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Egypt: Blogger Sentence Upheld

180-200-kareem.jpgAccording to Free Kareem, the Alexandria Court of Appeal today upheld the four-year prison sentence against Egyptian blogger Kareem Nabeel Sulaiman.

Dalia Ziada, a human rights activist and translator based in Cairo, reports that the Alexandria Appeal Court has upheld the four-year prison sentence against Kareem Amer.
Furthermore, the judge approved a civil claim filed by the eleven lawyers who want to fine Kareem for ‘insulting Islam’.
Kareem’s lawyers will apply for the Court of Cassation (third degree).
Abdul Kareem Nabeel Suleiman, a.k.a. Kareem Amer, is in prison because he blogged his personal opinions on the Internet.

Kareem‘s supporters, however, are pleading with sympathisers to help him, through applying more pressure on the Egyptian authorities for his release.

We have compiled a comprehensive list of ways you can help Kareem Amer ..The list includes a letter writing campaign, with addresses of the Egyptian President, Prime Minister, Minister of Justice, and Ambassadors from more than 50 countries worldwide! We are also providing sample letters and a press kit over the next few days.
Many thanks to everyone who has been sending in suggestions and sample letters.

Among the tactics the group is using to draw attention to Kareem's plight are signing petitions, organising rallies, a donation drive and lobbying against Egypt hosting the United Nations-sponsored Internet Governance Forum in 2009.

Supporters are also calling upon bloggers to write about Kareem and use the Free Kareem logo as well as send letters to “government officials, diplomats, human rights groups, local media outlets, and the United Nations.”

In your letter, please make clear the following:
♦ Condemn the four-year prison sentence placed on Kareem Amer, who was peacefully exercising his right to freedom of expression;
♦ Express deep concern at the conditions of Kareem Amer’s detention, and whether he is being treated humanely and given full access to medical care and family visits; and
♦ Urge the Egyptian government to clearly implement the international standards set out by the ICCPR to which the state of Egypt is a signatory and repeal laws violating these standards.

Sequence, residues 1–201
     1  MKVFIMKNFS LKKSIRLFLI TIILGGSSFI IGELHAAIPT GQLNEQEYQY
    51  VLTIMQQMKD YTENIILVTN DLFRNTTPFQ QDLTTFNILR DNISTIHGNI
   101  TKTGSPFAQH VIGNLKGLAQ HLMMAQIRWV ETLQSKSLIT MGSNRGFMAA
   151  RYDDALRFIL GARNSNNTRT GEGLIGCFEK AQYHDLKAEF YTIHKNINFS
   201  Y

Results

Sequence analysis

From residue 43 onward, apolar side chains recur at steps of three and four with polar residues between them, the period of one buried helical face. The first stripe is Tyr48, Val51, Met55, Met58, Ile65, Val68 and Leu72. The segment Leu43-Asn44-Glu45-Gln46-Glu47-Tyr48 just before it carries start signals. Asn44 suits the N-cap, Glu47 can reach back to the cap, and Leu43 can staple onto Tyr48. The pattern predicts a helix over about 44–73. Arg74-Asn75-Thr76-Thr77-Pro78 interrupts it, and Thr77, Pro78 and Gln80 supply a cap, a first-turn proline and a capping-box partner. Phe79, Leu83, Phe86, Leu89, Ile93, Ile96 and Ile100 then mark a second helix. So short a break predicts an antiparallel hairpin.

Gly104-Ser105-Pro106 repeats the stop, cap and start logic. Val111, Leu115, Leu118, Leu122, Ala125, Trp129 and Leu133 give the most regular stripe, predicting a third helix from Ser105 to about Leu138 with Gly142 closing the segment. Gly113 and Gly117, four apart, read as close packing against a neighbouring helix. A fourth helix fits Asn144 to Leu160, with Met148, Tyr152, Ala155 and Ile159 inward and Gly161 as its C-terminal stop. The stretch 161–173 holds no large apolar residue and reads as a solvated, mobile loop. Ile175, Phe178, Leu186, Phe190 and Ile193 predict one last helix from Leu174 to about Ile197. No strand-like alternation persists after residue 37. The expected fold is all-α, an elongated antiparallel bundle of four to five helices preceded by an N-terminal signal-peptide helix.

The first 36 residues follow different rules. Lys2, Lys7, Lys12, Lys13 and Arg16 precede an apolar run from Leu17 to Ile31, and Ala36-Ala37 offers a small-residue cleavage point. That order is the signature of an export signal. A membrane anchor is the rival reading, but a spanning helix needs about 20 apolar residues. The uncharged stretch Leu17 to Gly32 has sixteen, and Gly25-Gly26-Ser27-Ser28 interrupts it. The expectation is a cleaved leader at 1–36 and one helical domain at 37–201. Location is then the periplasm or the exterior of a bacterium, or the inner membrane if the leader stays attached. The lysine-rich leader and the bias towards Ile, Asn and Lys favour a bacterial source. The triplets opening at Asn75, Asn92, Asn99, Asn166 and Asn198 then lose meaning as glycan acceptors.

11 comments

  • […] Once again the plight of Egyptian jailed blogger Kareem Nabeel Sulaiman grabs the headlines, along with support pledges from bloggers around the world. […]

  • De Hamera

    Free Kareem Amer – Help bring the world into the 21st Century. Freedom of expression is a human right. If the love and strength are at the heart of Islam than freedom of expression can only inhance it’s respect and help make the world a better place. Egypt is a progressive country and I am surprized that they would imprison someone for expressing their thoughts.

  • john kactuz

    And what did you expect? Egypt is, after all, an Islamic country and Islam is not known for respecting human rights or basic liberties.

    Muslims blame all their problems on others (The West, Israel, the US, Hollywood, colonialism, the crusades, and so on) but never take a hard cold look at the hate, violence and discrimination that is in the heart of their religion. Nor do Muslims dare examine the acts of their prophet, a man who did so many evil things – according to their own writings (hadiths). Perhaps, just maybe, the Quran and hadiths explain why this younbg man must suffer.

    Poor Bareem, he is in for trouble. Even so I bless him and admire his moral stature and courage. All he did was tell the truth, but Islam cannot co-exist with truth and freedom.

    John Kactuz

  • @john kactuz::
    When we speak about Islam and Muslims, we always have such lazy intellectual attitude which allows us to ignore all other important aspect of Muslim countries such as economy, politics, societies, local languages and cultures. When we say “Islam” we remove automatically all those aspects and imagine that we are able to explain, with one single abstract word, the life of more than one billion people, tens of countries, hundreds of local cultures and traditions.

    You may need to read Edward W. Said “Covering Islam” to see how stupid the use of “Islam” in our language can be.

  • Thank you Mr Kactuz for your comments, which show a grave misunderstanding of a great religion which should not be blamed for the vices of those who claim they are Muslim.